Three lessons for coping with the weight of responsibility

This reflection was written by College Chaplain Norman Robert Boie  for this week’s Wingèd Ox, a weekly news digest distributed to the college community. You will find reflections from previous weeks here.

I often have ‘hallway conversations’, as I call them, with students at the College. Lately, the conversation have been about mid-term stress, as exams, essays and deadlines pile up. Sometimes no words are exchanged, but I can still feel, through heavy sighs and physical postures, the heavy load that everyone is carrying on their shoulders. I still remember this weight, because not so long ago I was feeling it as a student at the seminary. The same weight is often felt when one is involved in a pastoral role. To cope with this heaviness, I find that certain strategies are helpful. Strategies, incidentally, that I’m constantly trying to put into practice for myself, with varying degrees of success. As the saying goes: it is often easier said than done!

To help me along the way, I find three practices particularly useful: The Call – reminding myself why I am doing what I am doing; Self-compassion – practising the same compassion I have for others on myself; Community – reminding myself that I’m not alone and that I can rely on others to give me a helping hand and to be there when I am in need.

The call: In times of stress, it is helpful for me to connect with the deep conviction that God is calling me to a service yet to be defined. Reminding myself that it was this inner call that led me to embark on this journey of theological education. I ask God and the Holy Spirit to give me the strength and courage to continue the journey. I ask God to inspire me anew and to guide me through the challenges of the semester.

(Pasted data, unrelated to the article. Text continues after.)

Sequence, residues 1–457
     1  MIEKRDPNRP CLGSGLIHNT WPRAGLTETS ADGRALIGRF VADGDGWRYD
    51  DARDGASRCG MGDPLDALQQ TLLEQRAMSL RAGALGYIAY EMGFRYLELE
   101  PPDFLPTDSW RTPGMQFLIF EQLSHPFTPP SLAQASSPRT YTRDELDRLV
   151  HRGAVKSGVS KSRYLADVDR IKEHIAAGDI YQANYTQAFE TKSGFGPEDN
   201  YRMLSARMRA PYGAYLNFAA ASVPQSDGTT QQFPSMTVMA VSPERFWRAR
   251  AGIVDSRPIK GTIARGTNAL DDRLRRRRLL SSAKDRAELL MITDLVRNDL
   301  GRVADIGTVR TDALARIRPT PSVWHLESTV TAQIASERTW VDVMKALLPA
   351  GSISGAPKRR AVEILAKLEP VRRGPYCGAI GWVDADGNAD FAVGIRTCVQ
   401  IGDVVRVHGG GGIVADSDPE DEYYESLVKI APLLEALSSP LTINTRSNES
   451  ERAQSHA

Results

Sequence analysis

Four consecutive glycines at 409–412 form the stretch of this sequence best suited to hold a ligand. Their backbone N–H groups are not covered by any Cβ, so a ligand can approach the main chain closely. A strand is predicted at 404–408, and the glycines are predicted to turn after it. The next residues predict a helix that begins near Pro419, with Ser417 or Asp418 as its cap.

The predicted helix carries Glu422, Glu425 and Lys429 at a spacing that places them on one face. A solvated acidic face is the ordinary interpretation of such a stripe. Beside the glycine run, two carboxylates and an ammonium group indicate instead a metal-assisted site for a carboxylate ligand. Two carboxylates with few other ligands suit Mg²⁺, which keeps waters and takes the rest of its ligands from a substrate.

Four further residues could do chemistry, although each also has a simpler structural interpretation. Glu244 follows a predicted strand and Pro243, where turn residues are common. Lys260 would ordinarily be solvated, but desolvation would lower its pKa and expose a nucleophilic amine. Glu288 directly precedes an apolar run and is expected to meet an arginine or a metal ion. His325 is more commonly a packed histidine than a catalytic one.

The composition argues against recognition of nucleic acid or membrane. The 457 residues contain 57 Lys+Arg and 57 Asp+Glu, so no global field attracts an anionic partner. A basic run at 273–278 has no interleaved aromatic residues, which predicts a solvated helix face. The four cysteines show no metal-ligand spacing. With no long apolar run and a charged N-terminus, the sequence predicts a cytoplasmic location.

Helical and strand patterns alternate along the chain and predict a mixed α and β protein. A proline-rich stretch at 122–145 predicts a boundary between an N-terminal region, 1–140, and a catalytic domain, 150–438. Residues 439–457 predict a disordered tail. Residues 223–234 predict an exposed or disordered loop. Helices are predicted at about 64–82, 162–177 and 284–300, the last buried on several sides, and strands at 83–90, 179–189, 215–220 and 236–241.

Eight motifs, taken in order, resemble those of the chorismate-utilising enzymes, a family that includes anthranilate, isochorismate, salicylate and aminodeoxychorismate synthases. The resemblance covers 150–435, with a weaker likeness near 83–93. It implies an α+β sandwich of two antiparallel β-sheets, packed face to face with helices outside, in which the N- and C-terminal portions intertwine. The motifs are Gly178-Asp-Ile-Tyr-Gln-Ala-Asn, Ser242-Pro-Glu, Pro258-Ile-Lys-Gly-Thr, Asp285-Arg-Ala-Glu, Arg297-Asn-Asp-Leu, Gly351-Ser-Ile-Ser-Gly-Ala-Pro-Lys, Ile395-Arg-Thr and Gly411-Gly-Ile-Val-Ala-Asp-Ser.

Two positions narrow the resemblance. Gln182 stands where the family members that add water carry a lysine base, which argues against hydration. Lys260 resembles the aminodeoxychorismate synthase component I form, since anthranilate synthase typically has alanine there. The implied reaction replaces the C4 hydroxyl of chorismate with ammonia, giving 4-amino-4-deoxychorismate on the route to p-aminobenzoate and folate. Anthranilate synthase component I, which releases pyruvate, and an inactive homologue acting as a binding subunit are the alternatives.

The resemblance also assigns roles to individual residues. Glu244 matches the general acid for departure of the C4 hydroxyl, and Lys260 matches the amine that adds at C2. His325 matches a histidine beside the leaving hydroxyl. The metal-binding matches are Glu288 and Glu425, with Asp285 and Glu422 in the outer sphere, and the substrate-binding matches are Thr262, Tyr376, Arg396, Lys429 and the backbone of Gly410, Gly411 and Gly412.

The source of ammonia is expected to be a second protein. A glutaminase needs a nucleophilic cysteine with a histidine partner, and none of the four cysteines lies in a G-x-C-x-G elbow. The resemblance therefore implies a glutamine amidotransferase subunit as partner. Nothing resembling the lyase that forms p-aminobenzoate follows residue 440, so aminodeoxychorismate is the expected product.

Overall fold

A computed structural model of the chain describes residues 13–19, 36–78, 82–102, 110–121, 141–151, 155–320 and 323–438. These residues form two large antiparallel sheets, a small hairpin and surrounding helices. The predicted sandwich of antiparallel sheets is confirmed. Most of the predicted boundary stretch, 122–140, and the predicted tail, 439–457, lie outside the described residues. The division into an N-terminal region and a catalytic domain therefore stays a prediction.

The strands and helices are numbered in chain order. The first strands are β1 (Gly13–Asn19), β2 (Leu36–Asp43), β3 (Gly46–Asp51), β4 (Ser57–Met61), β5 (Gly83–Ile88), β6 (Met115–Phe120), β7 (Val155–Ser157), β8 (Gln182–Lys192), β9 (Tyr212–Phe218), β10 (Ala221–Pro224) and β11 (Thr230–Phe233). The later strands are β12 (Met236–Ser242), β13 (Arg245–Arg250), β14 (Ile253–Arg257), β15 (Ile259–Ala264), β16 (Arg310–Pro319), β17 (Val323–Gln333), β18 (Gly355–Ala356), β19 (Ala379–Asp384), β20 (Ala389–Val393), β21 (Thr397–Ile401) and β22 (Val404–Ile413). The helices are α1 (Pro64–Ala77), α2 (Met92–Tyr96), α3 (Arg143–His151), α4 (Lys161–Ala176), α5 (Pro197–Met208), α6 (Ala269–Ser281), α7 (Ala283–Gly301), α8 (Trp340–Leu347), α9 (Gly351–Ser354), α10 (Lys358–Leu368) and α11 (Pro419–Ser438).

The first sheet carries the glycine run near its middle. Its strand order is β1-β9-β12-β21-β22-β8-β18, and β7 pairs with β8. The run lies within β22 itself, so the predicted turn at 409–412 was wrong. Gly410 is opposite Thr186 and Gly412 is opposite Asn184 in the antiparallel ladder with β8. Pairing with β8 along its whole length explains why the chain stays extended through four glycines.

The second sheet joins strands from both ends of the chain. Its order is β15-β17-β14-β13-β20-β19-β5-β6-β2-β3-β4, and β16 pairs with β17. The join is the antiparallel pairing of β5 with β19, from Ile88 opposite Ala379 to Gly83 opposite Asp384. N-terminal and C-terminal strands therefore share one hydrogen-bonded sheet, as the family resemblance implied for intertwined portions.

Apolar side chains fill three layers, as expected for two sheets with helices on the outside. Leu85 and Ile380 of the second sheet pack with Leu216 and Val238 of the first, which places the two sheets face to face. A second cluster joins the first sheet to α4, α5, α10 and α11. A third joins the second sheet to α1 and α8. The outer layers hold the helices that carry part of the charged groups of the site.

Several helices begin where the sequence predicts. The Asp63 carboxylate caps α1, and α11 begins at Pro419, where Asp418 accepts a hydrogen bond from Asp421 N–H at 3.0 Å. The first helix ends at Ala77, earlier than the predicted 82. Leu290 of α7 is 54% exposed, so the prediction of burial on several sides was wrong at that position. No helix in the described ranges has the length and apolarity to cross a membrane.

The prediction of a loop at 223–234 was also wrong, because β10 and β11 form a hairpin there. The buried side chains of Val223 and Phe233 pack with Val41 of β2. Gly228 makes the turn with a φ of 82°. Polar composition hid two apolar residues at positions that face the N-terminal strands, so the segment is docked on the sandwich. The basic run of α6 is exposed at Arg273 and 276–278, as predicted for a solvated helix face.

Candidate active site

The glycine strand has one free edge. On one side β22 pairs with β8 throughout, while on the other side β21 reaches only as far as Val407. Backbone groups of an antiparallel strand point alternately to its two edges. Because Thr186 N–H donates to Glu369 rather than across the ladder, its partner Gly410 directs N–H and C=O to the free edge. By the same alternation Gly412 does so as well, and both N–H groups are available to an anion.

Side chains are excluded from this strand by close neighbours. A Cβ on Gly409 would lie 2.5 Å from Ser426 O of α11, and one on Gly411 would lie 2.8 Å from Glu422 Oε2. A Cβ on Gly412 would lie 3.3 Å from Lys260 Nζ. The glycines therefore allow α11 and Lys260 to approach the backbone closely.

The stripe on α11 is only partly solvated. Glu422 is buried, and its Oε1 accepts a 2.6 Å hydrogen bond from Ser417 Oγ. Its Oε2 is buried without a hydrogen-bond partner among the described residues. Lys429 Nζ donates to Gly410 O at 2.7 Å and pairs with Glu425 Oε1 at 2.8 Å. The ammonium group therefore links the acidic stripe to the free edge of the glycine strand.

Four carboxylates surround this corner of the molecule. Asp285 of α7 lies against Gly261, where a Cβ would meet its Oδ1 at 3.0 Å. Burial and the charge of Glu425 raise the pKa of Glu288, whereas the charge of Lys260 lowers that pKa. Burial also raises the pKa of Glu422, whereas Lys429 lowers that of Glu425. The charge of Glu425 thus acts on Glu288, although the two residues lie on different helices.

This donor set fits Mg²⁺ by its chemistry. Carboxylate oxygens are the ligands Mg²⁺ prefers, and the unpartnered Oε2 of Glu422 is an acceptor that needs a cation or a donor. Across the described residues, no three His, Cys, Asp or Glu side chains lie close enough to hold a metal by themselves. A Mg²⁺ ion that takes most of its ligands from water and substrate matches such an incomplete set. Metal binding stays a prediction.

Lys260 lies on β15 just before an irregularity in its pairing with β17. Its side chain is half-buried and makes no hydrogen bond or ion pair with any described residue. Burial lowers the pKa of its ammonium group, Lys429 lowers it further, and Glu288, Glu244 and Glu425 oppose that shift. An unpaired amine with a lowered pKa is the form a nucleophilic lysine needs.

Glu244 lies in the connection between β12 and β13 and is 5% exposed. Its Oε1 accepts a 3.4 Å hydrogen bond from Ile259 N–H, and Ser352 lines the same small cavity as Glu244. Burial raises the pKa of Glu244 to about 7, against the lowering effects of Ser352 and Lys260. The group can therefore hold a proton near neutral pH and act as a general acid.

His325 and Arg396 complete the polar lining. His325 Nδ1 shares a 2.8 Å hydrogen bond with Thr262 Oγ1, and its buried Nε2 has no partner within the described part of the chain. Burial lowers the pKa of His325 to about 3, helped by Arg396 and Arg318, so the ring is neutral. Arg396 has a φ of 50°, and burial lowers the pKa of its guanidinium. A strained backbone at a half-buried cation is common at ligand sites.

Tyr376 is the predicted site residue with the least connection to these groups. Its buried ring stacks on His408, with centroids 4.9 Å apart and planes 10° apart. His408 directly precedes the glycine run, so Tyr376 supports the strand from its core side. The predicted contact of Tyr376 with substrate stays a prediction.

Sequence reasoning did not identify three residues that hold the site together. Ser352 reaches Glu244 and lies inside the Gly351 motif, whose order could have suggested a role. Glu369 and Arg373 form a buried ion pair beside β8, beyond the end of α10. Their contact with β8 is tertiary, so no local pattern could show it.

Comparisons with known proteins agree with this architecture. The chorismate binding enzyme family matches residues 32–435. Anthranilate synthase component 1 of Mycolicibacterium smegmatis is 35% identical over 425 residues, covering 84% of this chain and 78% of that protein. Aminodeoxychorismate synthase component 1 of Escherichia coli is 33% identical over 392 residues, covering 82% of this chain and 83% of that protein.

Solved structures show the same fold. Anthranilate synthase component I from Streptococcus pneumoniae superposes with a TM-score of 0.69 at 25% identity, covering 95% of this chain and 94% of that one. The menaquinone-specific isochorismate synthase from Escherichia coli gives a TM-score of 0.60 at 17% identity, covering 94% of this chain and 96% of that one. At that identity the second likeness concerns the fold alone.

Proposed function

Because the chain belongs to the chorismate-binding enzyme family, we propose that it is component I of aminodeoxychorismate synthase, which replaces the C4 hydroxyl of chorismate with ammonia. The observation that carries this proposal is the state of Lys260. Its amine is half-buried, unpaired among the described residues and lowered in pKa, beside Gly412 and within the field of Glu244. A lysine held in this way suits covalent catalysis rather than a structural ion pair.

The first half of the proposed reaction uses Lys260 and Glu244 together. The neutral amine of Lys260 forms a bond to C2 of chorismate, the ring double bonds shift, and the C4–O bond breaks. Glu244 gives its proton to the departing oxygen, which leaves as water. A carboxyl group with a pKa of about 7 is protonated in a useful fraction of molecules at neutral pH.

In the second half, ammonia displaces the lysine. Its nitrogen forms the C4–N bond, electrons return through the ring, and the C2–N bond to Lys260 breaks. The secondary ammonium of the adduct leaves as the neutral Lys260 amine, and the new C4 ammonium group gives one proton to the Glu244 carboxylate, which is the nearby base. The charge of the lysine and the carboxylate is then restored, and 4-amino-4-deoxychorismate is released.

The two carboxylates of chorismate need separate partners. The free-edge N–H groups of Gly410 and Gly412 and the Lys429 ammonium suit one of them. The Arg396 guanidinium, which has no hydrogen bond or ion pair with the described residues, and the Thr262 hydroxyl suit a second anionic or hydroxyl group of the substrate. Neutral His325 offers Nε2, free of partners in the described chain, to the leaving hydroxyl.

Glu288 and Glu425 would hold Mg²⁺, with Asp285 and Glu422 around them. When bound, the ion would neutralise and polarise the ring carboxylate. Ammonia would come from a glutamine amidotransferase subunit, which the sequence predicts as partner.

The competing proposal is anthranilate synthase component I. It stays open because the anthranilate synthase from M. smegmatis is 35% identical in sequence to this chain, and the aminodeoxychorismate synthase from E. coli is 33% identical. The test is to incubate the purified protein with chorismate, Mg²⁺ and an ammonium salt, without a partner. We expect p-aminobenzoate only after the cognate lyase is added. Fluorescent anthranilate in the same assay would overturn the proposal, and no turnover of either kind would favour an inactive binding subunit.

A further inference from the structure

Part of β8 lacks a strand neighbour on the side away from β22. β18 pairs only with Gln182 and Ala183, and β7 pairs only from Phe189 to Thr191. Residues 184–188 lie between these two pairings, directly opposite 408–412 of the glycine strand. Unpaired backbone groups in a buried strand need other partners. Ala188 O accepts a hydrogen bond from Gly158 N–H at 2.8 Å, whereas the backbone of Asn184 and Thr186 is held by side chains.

Self-compassion: In the midst of deadlines and homework it’s easy to neglect self-care. Making sure we get enough sleep, eat well, move around, laugh and relax helps us preserve our physical and mental health.

Community: In the Credo of the United Church, there is the phrase “we are not alone”. God accompanies us on our journey, but God acts in the world through men and women, through us. It’s useful to remember that we are not alone on this journey. The principal of the college, the directors of studies, the teachers, the chaplain, the college staff, mentors and fellow students are there to support you every step of the way. Ask for help when you need it, and offer your support to others in return.

Now,  don’t claim to offer anything grand or complete in this short reflection, but some guidelines to help us continue along the road in a positive way. Remembering our divine calling, being self-compassionate and relying on community support are some of the essential elements for getting through the challenges of work and life. Reconnecting with our purpose, taking care of ourselves and leaning on others can give us the strength to persevere and thrive in our studies and pastoral responsibilities.

Bonne semaine,

Norman Robert Boie, Chaplain